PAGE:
This building, commonly known as the Cota-Knox Building, is one of the oldest brick structures in Santa Barbara. José Lobero constructed it in 1871 for his mother-in-law, Francisca Cota, who was losing her own home to the forces of progress. The house was later purchased by Samuel Knox, one of the city’s most prominent physicians in the early 1900s.
José Lobero, a native of Italy, arrived in Santa Barbara around 1860, after a time in San Luis Obispo, where he made his living as a musician and saloon keeper. In 1862, he married María Clara Lugarda Cota at Mission Santa Inés. She was the granddaughter of Pablo Antonio Cota, who had been a member of Gaspar de Portolá’s expedition to California in 1769, during which the first of the California missions were founded by Junípero Serra. Her father had been property manager for Mission Santa Inés for a number of years.
In 1873, Lobero opened his magnificent adobe opera house on the site of today’s Lobero Theatre. A man of modest financial means, Lobero borrowed $25,000 from W.W. Hollister (after whom Hollister Avenue is named), one of Santa Barbara’s leading entrepreneurs. Lobero also drew upon the resources of his wife’s family to finance the construction of his dream. The theater’s gala opening took place on February 22, with a “Grand Italian Operatic Concert,” directed by Lobero.
Two years prior to this triumphant opening, Lobero had come to the aid of his mother-in-law. Her adobe home lay directly across the proposed route of Anacapa Street, as laid down by the Salisbury Haley survey of 1851. Through the years, the city had methodically razed buildings in order to impose the survey’s street grid on the growing town. Francisca Cota’s home was one of those standing in the way of “progress.”
Lobero arranged to have a modest brick residence built for her at 914 Anacapa Street, about one-half block south of her adobe. Brick was still a fairly rare building material in Santa Barbara at that time. Adobe, which had been the construction material of choice during the Spanish and Mexican eras, was falling out of favor as the city became more Americanized. The home Lobero built for his mother-in-law was among the handful of brick buildings in town, a harbinger of things to come.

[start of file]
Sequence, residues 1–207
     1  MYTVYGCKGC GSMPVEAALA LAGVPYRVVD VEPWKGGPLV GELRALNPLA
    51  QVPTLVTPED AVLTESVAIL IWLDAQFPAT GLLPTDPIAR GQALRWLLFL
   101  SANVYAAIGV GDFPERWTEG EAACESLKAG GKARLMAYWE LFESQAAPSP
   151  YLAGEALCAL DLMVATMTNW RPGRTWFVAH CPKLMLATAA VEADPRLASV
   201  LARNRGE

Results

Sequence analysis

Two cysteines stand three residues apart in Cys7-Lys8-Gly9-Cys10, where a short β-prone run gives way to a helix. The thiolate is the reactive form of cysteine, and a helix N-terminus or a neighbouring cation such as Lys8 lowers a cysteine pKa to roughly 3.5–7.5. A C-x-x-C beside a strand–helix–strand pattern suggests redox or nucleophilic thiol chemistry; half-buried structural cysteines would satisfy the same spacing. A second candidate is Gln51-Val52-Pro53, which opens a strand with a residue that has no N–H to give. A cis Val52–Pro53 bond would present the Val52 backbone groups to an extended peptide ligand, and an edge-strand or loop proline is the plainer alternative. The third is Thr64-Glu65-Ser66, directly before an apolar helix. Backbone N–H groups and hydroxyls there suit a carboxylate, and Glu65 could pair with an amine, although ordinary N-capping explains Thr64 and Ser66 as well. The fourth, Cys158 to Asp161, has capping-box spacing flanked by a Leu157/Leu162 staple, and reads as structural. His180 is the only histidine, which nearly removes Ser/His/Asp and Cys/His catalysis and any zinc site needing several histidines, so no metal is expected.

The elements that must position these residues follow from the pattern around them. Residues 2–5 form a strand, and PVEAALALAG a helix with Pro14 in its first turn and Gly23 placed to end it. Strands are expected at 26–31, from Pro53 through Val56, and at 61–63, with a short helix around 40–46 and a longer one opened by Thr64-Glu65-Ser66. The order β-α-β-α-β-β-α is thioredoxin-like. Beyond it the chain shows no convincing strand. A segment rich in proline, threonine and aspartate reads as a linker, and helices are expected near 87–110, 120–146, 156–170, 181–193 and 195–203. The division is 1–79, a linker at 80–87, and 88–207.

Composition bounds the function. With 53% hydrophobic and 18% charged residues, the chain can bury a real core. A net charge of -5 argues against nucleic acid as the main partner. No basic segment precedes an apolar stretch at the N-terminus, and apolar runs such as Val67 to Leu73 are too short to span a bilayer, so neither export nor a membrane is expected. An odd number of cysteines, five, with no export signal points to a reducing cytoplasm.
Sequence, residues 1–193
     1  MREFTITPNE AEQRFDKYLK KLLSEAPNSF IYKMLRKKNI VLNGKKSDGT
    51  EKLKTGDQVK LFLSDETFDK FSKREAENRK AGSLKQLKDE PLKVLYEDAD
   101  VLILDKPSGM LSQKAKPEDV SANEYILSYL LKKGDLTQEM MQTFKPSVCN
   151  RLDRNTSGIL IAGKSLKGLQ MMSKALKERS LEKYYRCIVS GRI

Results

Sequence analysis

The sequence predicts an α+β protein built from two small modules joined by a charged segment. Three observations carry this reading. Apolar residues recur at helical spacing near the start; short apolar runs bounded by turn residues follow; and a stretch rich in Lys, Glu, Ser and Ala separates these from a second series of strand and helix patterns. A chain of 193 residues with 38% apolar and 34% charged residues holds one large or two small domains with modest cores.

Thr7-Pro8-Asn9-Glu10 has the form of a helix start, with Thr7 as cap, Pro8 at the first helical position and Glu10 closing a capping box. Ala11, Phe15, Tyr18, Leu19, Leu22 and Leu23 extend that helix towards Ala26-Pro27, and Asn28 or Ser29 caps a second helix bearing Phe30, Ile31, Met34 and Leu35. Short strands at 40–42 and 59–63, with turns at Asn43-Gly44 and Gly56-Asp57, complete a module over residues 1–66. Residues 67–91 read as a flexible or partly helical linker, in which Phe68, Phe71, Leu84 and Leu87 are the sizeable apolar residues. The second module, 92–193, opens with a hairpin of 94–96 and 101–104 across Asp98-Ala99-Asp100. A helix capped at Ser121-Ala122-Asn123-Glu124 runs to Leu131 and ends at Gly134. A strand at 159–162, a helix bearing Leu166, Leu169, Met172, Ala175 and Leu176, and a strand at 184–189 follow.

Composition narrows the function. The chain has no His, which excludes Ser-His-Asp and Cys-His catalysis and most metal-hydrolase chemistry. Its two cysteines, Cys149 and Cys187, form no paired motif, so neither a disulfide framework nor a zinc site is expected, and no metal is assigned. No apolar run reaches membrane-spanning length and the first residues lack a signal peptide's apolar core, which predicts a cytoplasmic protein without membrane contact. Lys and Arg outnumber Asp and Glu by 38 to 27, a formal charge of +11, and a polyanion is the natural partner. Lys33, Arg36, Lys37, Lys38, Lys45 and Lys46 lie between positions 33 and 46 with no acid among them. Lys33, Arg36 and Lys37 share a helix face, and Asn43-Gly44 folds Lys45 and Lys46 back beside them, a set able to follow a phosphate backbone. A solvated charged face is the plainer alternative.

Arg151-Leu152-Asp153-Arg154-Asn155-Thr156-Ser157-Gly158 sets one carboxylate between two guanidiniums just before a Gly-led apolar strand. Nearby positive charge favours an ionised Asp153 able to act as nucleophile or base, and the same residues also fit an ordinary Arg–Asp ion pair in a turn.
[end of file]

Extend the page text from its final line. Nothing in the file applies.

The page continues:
The original house was a little more than 900 square feet with five rooms and a small wing projecting out to one side. The house was expanded in ensuing years, including a small Eastlake-style front porch to give the house a Victorian look. Francisca Cota had precious few years to enjoy her new home, for she died in 1877.
Soon after her death, the house came into the possession of Dr. Samuel Budd Page Knox, who used it as a residence and office. A native of Pennsylvania, Knox had served on the Union side in the Civil War and settled in Santa Barbara in 1875. He became a familiar sight around town, in part because he often made his house calls by bicycle. Reportedly, he delivered Thomas Storke, future publisher of the Santa Barbara News-Press. Knox served several terms as chief surgeon at Santa Barbara County General Hospital and was the first president of the Board of Trustees of the Santa Barbara Public Library in 1882.
Upon Knox’s death in 1922, the house passed into the hands of Gertrude Wright, adopted daughter of Knox and his wife. She lived in the house until her 1934 marriage to Joseph Feeley. Feeley was a U.S. Customs official, and the couple lived in the Dominican Republic before returning to Santa Barbara in 1946. They lived in the Cota-Knox house for a short time before relocating to Montecito.
The house became an office building and passed through a number of owners’ hands. In 1975, the present owner, the Santa Barbara Trust for Historic Preservation, acquired the building. Today, the modest appearance of the Cota-Knox Building belies its rich lineage.
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Michael Redmon, director of research at the Santa Barbara Historical Society, will answer your questions about Santa Barbara’s history. Write him c/o The Independent, 122 W. Figueroa St., Santa Barbara, CA 93101.